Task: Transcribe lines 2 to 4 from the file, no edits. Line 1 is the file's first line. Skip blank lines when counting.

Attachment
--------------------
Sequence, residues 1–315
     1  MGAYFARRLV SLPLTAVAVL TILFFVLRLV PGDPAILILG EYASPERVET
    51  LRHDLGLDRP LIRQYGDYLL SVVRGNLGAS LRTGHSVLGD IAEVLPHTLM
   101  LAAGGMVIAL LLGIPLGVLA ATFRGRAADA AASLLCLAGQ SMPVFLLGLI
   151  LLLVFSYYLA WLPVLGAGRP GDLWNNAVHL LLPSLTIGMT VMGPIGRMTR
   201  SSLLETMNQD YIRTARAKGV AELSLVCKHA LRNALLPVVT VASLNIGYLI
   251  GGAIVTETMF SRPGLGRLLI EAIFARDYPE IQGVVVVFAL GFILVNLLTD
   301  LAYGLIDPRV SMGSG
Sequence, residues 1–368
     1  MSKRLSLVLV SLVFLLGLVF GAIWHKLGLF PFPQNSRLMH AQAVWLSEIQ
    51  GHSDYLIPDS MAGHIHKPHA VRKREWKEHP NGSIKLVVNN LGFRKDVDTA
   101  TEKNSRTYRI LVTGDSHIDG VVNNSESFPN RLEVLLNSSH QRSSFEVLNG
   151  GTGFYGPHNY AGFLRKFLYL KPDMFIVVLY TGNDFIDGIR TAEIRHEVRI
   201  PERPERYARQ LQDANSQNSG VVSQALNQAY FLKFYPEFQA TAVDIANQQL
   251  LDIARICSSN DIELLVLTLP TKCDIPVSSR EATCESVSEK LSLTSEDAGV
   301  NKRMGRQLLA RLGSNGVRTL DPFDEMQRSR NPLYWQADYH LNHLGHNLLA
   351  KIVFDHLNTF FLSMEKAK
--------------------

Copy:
     1  MGAYFARRLV SLPLTAVAVL TILFFVLRLV PGDPAILILG EYASPERVET
    51  LRHDLGLDRP LIRQYGDYLL SVVRGNLGAS LRTGHSVLGD IAEVLPHTLM
   101  LAAGGMVIAL LLGIPLGVLA ATFRGRAADA AASLLCLAGQ SMPVFLLGLI